Congratulations! You’ve completed the St. Louis Rock and Roll Marathon. How should you recover? Should you run or shouldn’t you? What should you eat? Here’s my advice for you.
Immediately After the Marathon
As soon as you cross the marathon finish line, do the following:
- Grab something light to eat. You want to focus on food high in carbohydrates. Eat a banana or two, some granola bars. Keep in mind you’ll eventually eat a larger brunch where you can pack in some more substantial food.
- Do not stop drinking fluids. Just because you are done with the marathon doesn’t mean you are done replenishing your fluids. The marathon has taxed your body severely and you are probably behind on fluids. Drink up.
- Do not sit down or lie down. Get out of the finish line crowd and continue to walk for about ten to twenty minutes.
- Change into dry clothes. If you can change into some dry clothes, do that after you cool down. If you can’t change clothes, make sure to take the silver mylar cape that they hand out.
- Take a cold bath. It’s tempting to take a warm bath, but a cold bath will help your muscles recover more. If you can’t fathom the thought of taking a cold bath, a warm one will do.
- Eat brunch. Once you’re bathed, go out and have a decent brunch to start re-fueling and re-building your muscles. What should you eat? Again, focus on lots of carbohydrates and add some lean protein. Soups, spaghetti and breads, lean lunch meat are great ideas.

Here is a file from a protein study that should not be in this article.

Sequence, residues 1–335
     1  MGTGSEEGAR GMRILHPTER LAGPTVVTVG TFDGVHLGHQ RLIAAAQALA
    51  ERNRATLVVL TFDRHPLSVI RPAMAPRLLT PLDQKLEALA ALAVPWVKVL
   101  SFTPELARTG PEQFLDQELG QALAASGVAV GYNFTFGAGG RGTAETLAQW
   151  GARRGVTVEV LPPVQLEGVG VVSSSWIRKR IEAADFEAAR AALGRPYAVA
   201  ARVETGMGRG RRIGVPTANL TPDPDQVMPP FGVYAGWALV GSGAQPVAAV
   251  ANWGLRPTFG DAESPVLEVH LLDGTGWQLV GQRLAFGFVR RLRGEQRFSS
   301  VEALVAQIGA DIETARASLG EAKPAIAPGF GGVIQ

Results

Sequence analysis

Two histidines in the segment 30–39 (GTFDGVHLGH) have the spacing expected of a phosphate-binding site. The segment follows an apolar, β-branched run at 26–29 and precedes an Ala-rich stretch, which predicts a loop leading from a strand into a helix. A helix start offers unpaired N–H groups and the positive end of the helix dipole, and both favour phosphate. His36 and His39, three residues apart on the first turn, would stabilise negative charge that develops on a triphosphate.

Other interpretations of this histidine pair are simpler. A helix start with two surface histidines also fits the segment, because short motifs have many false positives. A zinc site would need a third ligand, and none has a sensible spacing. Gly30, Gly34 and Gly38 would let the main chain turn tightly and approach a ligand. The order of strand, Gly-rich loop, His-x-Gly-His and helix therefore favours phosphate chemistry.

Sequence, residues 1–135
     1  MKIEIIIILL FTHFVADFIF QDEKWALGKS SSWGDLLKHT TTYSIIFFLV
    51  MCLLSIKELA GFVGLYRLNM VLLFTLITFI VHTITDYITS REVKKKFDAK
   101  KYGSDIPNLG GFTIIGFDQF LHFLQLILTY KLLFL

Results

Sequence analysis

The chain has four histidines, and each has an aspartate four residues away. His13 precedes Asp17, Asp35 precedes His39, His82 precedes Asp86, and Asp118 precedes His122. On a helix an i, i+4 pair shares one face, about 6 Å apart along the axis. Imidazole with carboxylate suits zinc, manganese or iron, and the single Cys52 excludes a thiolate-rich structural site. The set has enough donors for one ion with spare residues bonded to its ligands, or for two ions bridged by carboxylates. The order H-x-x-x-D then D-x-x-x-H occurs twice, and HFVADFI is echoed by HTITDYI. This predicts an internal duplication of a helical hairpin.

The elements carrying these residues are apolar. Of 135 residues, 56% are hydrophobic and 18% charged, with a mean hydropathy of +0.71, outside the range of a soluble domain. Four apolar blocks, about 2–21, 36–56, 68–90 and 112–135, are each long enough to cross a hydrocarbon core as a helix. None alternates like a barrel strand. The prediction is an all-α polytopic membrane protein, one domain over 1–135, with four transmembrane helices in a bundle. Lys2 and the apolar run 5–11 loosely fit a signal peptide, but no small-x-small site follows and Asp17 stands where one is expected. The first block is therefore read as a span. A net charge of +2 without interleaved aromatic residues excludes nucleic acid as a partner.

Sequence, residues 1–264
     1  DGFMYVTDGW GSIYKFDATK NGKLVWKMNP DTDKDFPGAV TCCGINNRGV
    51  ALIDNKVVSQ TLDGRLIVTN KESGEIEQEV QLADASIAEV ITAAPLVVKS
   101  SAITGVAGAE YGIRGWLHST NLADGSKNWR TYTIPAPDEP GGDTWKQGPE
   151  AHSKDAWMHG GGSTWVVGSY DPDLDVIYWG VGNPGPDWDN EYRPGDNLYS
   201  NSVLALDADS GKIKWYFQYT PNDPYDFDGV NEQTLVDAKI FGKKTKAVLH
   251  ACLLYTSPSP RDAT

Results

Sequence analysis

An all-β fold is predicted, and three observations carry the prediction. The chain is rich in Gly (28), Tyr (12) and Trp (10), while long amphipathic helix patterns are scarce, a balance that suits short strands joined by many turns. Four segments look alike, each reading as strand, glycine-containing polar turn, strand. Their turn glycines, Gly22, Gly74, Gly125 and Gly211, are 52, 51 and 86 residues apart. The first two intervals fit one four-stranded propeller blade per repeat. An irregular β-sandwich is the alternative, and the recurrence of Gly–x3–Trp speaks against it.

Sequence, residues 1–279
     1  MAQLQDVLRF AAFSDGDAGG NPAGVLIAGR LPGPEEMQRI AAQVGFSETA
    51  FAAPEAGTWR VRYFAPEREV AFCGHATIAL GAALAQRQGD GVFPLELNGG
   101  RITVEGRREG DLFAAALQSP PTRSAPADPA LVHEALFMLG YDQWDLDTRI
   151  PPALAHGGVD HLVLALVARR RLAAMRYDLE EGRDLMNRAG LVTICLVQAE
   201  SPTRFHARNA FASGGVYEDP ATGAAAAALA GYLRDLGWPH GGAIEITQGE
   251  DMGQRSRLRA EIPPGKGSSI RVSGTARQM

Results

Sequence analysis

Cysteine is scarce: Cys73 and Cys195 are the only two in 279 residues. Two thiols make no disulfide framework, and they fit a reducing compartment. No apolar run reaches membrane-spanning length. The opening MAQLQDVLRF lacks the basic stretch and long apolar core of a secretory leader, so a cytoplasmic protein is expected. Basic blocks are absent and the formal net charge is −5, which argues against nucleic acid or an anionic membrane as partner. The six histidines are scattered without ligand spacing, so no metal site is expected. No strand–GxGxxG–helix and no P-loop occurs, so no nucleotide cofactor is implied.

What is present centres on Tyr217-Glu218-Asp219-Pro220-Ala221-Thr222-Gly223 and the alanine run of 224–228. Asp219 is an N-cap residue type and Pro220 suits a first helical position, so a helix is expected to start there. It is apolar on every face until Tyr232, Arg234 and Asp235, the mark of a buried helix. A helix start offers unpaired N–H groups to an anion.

Evening of the Marathon
Even though the race is over and all you want to do is rest, it’s important to continue actively recovering by following these procedures.
- Walk another ten or fifteen minutes. Do not run. Please walk, because your body needs to recover, and the shock of even a light run might lead to injury.
- Stretch. Gentle stretching should follow your walk.
- Eat more carbohydrates. Dinner should consist of lots of carbohydrates and some more lean protein. Drink fresh juices and avoid alcohol.
- Get to bed early. You may have trouble falling asleep because of some aches or pains or you are just sort of amped up from all the energy, but lie on your bed or couch at a decent hour and do something that relaxes you. Along with replenishing your fluids and eating plenty of carbohydrates, getting enough rest is just as important for your recovery.
Day After Marathon
Hopefully you took the day off after your marathon. If you did, great. Take it easy. No running! Here’s what you should do.
- Walk ten to fifteen minutes. If you can get out and walk first thing in the morning would be your best bet. Do not run. Just walk.
- Drink lots of fluids. You should continue to replenish your fluids with Gatorade, water and fresh juices. If you can mix in vegatable juices, that would be great, too.
- Eat lots of carbohydrates. Regardless if your goal is to continue training for long distances or not, you should not stop eating carbohydrates. Your body needs them.
Week After Marathon
Take it easy for this week and avoid the temptation to run. It’s been proven that those who rest and do not run the week after their marathon will perform better. Besides, you are likely to injure another part of your body when you limp or run with an awkward gait from sore muscles. Rest, rest, rest.
If you are suffering from aches and pains that won’t go away after a day or two of recovery, you may need to see a sports medicine specialist to see if anything is wrong. It’s normal to have aches and pains in your legs, blisters on your toes, but chronic pain could be a sign of something wrong. Get it checked out.
Dr. Rick Lehman is a distinguished orthopedic surgeon in St. Louis, Missouri and an articular cartilage reconstruction pioneer He owns U. S. Sports Medicine in Kirkwood, MO, and LehmanHealth. Learn more about Dr. Rick.